In 2016, a leak called the Panama Papers revealed that several influential people, including former Iraqi Prime Minister Ayad Allawi, the brother-in-law of Chinese president Xi Jinping, associates of former Russian president Vladimir Putin, along with known drug kingpins, criminals, and even a soccer player, channeled finances through shell companies. Industry experts like Dan Greenhalgh can tell you that anonymous shell companies can only bring mischief.
The secrecy a hidden owner registry affords is a crucial enabler for corrupt practices, money laundering, international organized crime, and even terrorism. Hiding behind shell companies, they are able to move profits from illegal activities, opening bank accounts, making purchases, and wiring money around the world. The important thing to note, and is also the main reason why hiding ownership is usually used for shady activities, is that it is extremely difficult and near impossible to trace these financial movements.
On June 20, 2018, with the aim of eradicating the ill effects of hidden owner registry in the country, the British Columbian Ministry of Finance has released white paper legislation requiring landowners in B.C. to report. Titled Land Owner Transparency Act, it intends to collect information on owners of the property and make the data available to the public. The government expects that the measure is helpful for preventing tax evasion, fraud, money laundering, and other similar illegal activities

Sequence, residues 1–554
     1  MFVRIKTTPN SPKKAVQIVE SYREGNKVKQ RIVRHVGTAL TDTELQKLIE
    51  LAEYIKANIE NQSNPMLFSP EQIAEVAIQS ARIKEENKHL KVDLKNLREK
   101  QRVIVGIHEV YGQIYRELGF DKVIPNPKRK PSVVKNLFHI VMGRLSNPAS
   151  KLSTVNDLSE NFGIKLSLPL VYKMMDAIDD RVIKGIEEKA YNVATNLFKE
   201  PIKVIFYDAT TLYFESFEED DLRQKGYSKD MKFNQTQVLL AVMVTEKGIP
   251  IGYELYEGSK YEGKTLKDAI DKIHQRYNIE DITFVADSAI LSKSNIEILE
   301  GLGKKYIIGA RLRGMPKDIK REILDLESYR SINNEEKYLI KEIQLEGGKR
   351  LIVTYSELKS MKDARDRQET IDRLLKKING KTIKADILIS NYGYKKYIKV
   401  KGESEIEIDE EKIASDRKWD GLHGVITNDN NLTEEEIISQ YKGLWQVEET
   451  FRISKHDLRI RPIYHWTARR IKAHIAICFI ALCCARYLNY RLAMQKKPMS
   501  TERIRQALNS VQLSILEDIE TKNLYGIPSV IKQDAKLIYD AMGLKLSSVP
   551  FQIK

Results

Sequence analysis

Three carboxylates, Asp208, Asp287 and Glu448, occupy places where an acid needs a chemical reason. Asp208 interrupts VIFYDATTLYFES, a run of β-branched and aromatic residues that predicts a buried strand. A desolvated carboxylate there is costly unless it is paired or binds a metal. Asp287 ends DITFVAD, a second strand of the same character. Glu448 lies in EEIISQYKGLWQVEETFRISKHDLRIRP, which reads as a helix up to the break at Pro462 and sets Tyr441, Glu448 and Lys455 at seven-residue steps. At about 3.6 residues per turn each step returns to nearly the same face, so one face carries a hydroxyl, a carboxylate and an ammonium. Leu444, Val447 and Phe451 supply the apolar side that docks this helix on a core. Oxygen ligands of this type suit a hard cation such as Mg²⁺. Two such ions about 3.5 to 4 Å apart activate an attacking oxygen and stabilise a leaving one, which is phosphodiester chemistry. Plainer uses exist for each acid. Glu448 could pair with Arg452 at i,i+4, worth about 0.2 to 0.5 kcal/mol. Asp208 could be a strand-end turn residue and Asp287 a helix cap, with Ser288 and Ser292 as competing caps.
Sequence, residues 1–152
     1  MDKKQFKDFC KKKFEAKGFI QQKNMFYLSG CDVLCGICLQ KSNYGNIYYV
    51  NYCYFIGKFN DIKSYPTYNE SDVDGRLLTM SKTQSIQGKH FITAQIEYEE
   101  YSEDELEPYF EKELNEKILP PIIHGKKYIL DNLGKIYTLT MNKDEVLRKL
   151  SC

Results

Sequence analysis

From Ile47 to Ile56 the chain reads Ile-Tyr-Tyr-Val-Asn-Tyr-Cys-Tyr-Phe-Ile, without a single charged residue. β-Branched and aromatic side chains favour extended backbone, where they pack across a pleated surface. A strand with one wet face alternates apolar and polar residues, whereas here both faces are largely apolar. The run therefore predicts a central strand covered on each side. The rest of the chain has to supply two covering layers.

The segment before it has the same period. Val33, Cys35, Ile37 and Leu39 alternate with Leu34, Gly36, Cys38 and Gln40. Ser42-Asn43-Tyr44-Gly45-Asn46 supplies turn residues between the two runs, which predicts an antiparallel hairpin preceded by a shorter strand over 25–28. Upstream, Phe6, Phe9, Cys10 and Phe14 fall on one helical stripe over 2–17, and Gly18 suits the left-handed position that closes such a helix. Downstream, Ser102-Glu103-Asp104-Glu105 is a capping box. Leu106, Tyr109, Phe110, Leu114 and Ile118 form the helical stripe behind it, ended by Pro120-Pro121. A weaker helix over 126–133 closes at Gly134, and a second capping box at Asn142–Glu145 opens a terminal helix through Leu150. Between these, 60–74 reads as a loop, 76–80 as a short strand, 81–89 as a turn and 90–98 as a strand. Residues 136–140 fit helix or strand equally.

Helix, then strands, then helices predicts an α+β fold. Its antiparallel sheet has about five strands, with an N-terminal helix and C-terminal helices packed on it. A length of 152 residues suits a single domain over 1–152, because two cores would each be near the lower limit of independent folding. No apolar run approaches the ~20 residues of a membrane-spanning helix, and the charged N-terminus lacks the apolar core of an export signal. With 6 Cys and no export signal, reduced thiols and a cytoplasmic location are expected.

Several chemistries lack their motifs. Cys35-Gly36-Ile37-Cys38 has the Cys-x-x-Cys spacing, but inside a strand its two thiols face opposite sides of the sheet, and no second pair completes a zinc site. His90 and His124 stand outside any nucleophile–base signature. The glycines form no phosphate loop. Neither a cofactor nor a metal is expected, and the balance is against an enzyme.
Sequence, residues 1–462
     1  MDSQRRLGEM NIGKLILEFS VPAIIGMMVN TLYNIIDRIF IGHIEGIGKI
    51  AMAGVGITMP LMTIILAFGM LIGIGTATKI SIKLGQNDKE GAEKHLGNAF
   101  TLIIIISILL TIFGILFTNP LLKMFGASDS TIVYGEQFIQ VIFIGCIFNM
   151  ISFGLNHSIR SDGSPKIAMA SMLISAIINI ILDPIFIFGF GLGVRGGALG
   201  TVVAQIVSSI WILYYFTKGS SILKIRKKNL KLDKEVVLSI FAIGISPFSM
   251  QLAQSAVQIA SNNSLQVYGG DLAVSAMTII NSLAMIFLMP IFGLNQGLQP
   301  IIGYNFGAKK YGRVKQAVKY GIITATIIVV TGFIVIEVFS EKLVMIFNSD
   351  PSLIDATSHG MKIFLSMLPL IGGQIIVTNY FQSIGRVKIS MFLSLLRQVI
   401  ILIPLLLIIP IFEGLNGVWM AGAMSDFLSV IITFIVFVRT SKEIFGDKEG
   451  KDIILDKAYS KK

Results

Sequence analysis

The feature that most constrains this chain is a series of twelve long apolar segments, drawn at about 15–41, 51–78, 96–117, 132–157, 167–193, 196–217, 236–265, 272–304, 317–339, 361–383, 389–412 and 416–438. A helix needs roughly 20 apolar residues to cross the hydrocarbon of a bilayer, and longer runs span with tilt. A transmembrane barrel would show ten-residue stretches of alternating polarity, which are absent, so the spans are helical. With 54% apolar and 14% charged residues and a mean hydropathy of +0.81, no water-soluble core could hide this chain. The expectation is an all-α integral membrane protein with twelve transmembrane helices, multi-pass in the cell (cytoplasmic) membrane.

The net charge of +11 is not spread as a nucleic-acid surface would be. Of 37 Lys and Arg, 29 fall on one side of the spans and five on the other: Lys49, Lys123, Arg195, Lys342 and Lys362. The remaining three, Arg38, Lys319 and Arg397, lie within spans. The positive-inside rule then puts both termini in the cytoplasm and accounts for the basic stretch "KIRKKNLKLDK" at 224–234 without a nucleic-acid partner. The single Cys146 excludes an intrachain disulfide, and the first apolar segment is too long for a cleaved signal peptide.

How does this help the housing industry?
If Dan Greenhalgh’s statement can be interpreted, not much. “As for the hidden owner registry, I’m not sure how different it would be from the Land Title Registry that’s already in place.”
While it is true that such foreign ownership is a factor in the housing crisis, the government that is the Canada Mortage and Housing Corporation (CMHC) lacks concrete data to back up such a conclusion.
Although it is but one of the many issues plaguing the country, moving toward its eradication is not a bad start. As we have discussed earlier, shell companies are tools fraudsters and criminals use to:
- hide nefarious schemes
- protect their identities and that of their accomplices
- conceal money trails that end in criminal activities
- hide ill-gotten wealth
- protect the identities of the end beneficiaries
As no single law covers all of these processes, and the criminal underworld easily abuses such a flaw, shell companies are their favorite.
But how does one go about identifying them?
According to Ryan C. Hubbs, CFE, CIA, CCEP, Global Anti-Corruption and Fraud Manager, a comparison between a suspected shell company and a normal entity should highlight obvious differences that will shed light on the entity’s true intentions. The basic rule is that the more instances of data being concealed, the more likely it is of shady origin. Fraud checkers should also be on the lookout for:
- use of jurisdiction to enable anonymity
- online and real-world location red flags
- mismatching information
- concealed contact information
If present, you’d have to make a decision: Do I continue dealing with this company? Or should I terminate contact at once, and maybe even file legal action? Whatever you decide on, it is important to clarify to all parties concerned the situation. This will showcase your professionalism and highlight your level-headedness in problematic situations.
Keep in mind these facts, and you’ll not fall prey to shell companies.